The Most Creative Personal Trainers Are the Best Personal Trainers
In this blog, we'll explore why creative thinking is absolutely essential to becoming the best Personal Trainer you can be.
In this blog, we’ll explore why creative thinking is absolutely essential to becoming the best Personal Trainer you can be.
By definition, creativity is “the ability to transcend traditional ideas, rules, and patterns, and to create meaningful new ideas.”
Being creative should not be mistaken for being different for the sake of being different, however. Being creative is not simply the ability to transcend ideas and patterns to create new ideas. Being creative is the ability to transcend ideas, patterns and rules. These rules are science-based principles of exercise prescription which are:
These are rules because they have been tested and repeated a number of times and have remained consistent in the results which they produce. The methods used to implement these principles, however, may change significantly depending on the person and situation.
Methods are many principles are few, methods often change but principles rarely do.
A good example of being creative is adopting an exercise programme design to a client because everyone is slightly different with regards to:
Even if you ask three expert PTs to design a programme for the same person, the methods and design may vary slightly, but one thing they will have in common is that they will be aligned with science-based principles. Here is a good example by Bret Contreras.
*There is an unfortunate amount of misinformation with clever marketing which uses anecdotal evidence to provide the illusion of being creative. Being a good Personal Trainer involves being able to think like a healthy sceptic so that you can be genuinely creative and not another charlatan who thinks that science needs to catch up with them.
Divergent thinking (creating choices) and convergent thinking (making choices) are both essential for being a good creative thinker.
Divergent thinking helps create abstract ideas and is similar to focusing on the methods relating to programme design such as exercise selection. Convergent thinking, on the other hand, helps create concrete ideas and is similar to aligning the programme design to the principles of exercise.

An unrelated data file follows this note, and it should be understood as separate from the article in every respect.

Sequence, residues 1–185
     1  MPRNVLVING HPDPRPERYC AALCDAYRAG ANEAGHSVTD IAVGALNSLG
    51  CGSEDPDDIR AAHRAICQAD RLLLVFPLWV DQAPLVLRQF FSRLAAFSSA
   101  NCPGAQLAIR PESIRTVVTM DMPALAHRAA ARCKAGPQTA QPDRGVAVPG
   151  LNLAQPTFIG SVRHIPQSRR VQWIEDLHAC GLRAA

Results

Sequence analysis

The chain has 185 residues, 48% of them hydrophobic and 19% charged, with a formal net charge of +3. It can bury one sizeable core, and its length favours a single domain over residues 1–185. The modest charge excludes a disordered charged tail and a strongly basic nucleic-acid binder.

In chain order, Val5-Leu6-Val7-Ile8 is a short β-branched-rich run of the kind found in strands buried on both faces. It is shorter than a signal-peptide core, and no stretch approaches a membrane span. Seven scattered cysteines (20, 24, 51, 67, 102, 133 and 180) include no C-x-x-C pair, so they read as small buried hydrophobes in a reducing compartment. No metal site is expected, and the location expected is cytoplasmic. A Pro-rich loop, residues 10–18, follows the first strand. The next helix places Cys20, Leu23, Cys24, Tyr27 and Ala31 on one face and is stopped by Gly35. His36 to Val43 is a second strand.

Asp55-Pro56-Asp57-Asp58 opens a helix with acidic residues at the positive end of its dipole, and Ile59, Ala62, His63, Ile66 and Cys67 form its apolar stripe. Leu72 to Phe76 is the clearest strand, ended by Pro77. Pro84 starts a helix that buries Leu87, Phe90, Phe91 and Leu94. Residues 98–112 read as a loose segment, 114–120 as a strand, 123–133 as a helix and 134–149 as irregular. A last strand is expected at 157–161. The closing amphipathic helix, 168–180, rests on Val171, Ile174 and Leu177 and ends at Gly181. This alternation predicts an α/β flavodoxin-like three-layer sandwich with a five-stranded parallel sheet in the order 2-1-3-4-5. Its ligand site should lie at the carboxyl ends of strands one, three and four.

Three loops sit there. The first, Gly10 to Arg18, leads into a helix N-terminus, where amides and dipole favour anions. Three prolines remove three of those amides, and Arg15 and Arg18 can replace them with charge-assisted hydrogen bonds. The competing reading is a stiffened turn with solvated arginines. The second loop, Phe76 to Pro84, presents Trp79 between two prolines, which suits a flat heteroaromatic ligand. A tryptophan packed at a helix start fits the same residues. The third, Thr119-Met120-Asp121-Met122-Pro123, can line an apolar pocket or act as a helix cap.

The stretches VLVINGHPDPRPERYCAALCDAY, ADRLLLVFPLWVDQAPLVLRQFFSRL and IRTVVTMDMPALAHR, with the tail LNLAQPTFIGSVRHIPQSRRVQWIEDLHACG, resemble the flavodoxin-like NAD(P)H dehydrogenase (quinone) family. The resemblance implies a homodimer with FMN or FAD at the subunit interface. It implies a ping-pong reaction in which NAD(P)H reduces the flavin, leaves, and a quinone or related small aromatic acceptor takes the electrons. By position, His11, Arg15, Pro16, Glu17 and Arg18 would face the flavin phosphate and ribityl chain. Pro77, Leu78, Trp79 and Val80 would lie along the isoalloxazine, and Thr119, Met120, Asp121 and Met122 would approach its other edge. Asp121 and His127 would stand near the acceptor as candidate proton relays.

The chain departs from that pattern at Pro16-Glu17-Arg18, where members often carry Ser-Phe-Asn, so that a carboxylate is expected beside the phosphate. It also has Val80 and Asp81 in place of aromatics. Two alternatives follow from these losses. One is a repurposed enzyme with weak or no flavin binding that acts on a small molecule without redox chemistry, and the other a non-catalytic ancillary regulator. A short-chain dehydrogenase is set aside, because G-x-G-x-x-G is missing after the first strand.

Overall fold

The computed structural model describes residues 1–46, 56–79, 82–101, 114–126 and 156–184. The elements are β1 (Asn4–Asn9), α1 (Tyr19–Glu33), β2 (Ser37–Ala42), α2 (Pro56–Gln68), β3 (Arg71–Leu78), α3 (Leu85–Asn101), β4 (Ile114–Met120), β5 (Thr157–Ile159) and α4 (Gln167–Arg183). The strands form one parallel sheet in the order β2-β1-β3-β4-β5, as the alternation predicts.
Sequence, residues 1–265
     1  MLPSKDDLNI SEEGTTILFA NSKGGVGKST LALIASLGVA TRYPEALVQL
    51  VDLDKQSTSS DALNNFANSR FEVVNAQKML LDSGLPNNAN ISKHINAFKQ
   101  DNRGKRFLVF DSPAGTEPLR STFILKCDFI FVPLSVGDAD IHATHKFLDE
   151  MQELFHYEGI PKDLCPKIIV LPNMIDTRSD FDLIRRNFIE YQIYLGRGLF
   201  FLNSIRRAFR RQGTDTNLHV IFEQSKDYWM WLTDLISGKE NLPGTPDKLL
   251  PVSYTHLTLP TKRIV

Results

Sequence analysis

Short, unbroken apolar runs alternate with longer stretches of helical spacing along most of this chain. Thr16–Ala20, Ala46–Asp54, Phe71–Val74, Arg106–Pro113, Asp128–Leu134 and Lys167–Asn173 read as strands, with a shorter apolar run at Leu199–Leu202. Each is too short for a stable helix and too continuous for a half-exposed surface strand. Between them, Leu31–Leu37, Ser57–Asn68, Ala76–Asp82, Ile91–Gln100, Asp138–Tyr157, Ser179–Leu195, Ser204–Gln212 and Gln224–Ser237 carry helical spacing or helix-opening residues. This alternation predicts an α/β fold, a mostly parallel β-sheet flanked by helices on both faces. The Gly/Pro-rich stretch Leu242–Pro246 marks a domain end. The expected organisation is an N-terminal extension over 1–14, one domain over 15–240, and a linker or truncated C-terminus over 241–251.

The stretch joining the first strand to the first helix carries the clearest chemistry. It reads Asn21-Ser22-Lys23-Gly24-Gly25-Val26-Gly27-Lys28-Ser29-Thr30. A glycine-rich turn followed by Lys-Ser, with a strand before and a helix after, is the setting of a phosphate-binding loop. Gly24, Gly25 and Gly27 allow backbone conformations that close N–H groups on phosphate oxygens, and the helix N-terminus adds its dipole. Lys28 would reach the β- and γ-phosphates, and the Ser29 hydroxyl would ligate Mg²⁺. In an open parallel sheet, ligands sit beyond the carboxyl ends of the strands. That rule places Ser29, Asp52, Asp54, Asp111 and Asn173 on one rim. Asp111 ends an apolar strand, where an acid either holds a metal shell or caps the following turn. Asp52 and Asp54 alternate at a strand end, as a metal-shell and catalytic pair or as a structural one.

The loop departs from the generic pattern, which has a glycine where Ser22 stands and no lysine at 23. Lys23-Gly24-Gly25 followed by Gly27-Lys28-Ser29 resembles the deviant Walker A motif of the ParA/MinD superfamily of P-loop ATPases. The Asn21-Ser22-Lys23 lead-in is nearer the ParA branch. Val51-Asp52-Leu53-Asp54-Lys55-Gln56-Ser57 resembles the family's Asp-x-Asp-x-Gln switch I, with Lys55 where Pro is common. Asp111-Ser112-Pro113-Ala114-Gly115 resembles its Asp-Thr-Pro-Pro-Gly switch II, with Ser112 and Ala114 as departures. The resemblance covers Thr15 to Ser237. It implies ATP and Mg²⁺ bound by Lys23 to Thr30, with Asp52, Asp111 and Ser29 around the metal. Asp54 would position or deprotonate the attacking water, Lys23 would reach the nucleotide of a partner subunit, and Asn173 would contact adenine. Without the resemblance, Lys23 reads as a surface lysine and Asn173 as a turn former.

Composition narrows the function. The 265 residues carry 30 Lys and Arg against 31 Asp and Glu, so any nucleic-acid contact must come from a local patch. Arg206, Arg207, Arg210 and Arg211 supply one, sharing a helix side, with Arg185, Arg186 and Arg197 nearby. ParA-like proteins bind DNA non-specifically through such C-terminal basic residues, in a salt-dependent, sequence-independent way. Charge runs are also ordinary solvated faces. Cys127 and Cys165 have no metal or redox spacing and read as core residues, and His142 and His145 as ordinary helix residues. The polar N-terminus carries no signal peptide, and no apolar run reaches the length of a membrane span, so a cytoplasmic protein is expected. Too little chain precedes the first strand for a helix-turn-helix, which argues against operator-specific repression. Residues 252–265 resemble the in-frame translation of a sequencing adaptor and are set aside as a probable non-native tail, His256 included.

Both divergent/abstract thinking and convergent concrete thinking help us to create a broader range of ideas than using one or the other alone.
Another way to think about Divergent and Convergent thinking is to ask “Thin” and “Thick” questions.
“Thin” questions include:
“Thick” questions include:
Most conventional Personal Training education teaches us to converge our thinking by following a recipe book of answers to exercise prescription. This can be useful for starting out, as illustrated below, however, you will be limited in your Personal Training ability if you do not learn to apply divergent thinking as well.
In the restaurant world, there are cooks and there are chefs. Cooks follow the recipes, chefs create recipes using the creativity they have practised. The key is to figure out if you are a cook or a chef.
If you are creating your first programme you are probably a cook. In this case, it would be wise to find a recipe and follow it exactly.
When you started out as a PT your ability to design an exercise programme from scratch was likely poor. You were not an experienced chef with respect to programme design. In this instance, the better choice is to choose a recipe designed by a chef and do a great job of making the meal.